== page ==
Direct Colors offers both water and solvent based sealers for wintertime projects. Find out how to successfully seal concrete in the winter with our helpful DIY how-to guides.
Concrete Acid Stain is a water-based liquid bearing minerals and acid. The acid stain penetrates the pores of the concrete forcing a chemical reaction between the muriatic acid and the available lime in the surface.
Once acid stained, the color of the concrete is permanently altered. When sealed with an appropriate concrete sealer and for indoor applications, sealed and waxed, acid stain produces the unique, variegated finish associated with this process.
Surface preparation is the most important step in the acid staining process. Prior to staining, a slab must meet the following criteria:
Often, concrete surfaces will have dry wall mud, paint, wood stains, tile adhesives, carpet adhesives, grease, pet stains, etc. on the concrete. Concrete Acid Stain is not an over coat, but is an opaque, penetrating color that permanently changes the appearance of the concrete. Areas where debris remains on the surface will likely not accept the stain leaving color imperfections on the floor, particularly mastic, dry wall mud and paint. Use Bean-E-Doo, for the removal of adhesives. Apply Soy Gel Professional Paint Stripper to remove epoxy, sealers, varnish or paint. For more information on these and other concrete cleaning products, visit www.directcolors.com/cleaners. Xylene can also be used to remove solvent-based sealers and clean up sprayers or tools. Soap and hot water can be used to remove water-based sealer from applicators immediately after application but Soy Gel Professional Paint Stripper or a similar product is required to strip water-based sealers from concrete. Cleaning floors that have been heavily soiled or have been previously tiled or carpeted to a stainable level is a considerable amount of work, but not impossible. If you desire a more even finish, consider overlay resurfacing especially on slabs with exposed aggregate or surfaces so soiled that cleaning would prove too difficult.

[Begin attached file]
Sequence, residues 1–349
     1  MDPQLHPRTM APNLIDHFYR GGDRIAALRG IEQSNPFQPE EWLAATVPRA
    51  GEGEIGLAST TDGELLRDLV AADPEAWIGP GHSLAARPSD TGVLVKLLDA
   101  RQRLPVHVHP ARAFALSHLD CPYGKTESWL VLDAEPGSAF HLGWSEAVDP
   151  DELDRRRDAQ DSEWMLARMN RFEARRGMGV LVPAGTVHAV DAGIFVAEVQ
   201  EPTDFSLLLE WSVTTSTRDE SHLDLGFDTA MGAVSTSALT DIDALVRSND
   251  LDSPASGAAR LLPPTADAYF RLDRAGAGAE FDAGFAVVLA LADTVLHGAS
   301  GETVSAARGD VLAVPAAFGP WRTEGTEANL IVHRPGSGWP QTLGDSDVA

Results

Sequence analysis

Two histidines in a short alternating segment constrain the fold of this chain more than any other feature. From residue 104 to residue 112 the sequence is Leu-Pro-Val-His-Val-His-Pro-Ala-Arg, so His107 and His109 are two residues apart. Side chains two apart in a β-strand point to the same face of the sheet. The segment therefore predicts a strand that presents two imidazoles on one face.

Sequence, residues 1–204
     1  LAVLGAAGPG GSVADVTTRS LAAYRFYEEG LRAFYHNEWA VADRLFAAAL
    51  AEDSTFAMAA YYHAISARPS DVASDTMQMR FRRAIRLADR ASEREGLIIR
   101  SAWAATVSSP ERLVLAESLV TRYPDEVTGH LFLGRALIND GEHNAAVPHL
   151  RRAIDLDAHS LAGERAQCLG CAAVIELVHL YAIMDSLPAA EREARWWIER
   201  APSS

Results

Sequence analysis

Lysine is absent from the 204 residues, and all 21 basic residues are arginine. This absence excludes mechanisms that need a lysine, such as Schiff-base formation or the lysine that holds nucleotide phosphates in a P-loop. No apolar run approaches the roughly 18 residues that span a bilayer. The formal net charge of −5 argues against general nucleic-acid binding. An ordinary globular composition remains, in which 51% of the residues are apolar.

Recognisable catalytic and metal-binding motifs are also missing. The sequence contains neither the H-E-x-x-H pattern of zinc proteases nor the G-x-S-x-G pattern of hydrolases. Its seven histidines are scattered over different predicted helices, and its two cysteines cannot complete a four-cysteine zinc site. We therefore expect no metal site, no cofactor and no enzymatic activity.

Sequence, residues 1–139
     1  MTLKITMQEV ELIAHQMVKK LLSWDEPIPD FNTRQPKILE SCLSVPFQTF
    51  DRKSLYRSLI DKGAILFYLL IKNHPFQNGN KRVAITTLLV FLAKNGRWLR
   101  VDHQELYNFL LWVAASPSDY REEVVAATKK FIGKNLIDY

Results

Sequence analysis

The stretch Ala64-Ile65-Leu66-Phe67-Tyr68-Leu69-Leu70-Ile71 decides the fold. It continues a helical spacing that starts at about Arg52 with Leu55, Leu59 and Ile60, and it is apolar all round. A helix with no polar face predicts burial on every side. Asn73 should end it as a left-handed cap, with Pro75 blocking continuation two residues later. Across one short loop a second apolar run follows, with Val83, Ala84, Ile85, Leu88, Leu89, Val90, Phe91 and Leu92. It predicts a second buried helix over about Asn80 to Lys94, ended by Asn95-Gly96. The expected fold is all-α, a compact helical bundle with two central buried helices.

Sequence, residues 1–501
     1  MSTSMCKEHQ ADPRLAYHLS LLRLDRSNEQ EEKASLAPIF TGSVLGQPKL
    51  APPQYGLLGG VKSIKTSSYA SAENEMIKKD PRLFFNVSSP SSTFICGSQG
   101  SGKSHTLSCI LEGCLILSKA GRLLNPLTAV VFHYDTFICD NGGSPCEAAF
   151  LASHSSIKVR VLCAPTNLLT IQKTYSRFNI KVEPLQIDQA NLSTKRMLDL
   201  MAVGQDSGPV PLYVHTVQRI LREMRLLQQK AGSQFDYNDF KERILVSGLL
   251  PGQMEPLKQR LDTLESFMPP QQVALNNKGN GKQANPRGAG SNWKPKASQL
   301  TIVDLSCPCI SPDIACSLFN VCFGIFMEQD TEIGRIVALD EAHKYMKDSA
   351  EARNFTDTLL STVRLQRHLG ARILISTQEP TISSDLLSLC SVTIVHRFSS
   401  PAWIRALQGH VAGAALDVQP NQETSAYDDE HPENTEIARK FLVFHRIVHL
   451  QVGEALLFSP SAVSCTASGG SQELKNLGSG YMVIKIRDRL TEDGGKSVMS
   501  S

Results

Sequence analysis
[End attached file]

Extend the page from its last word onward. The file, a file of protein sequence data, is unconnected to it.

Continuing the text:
The vast majority of slabs only require minimum cleaning using an organic degreaser (such as DCI Orange, Simple Green, etc.) diluted at a medium concentration with water. Scrub the surface with a soft nylon bristle brush or power wash on a low setting to prepare most floors for staining. Thoroughly rinse the surface with clear water to remove any remaining cleanser and leave the floor to dry. For interior projects, use a shop vacuum, mop and/or squeegee to contain the water and aid in drying.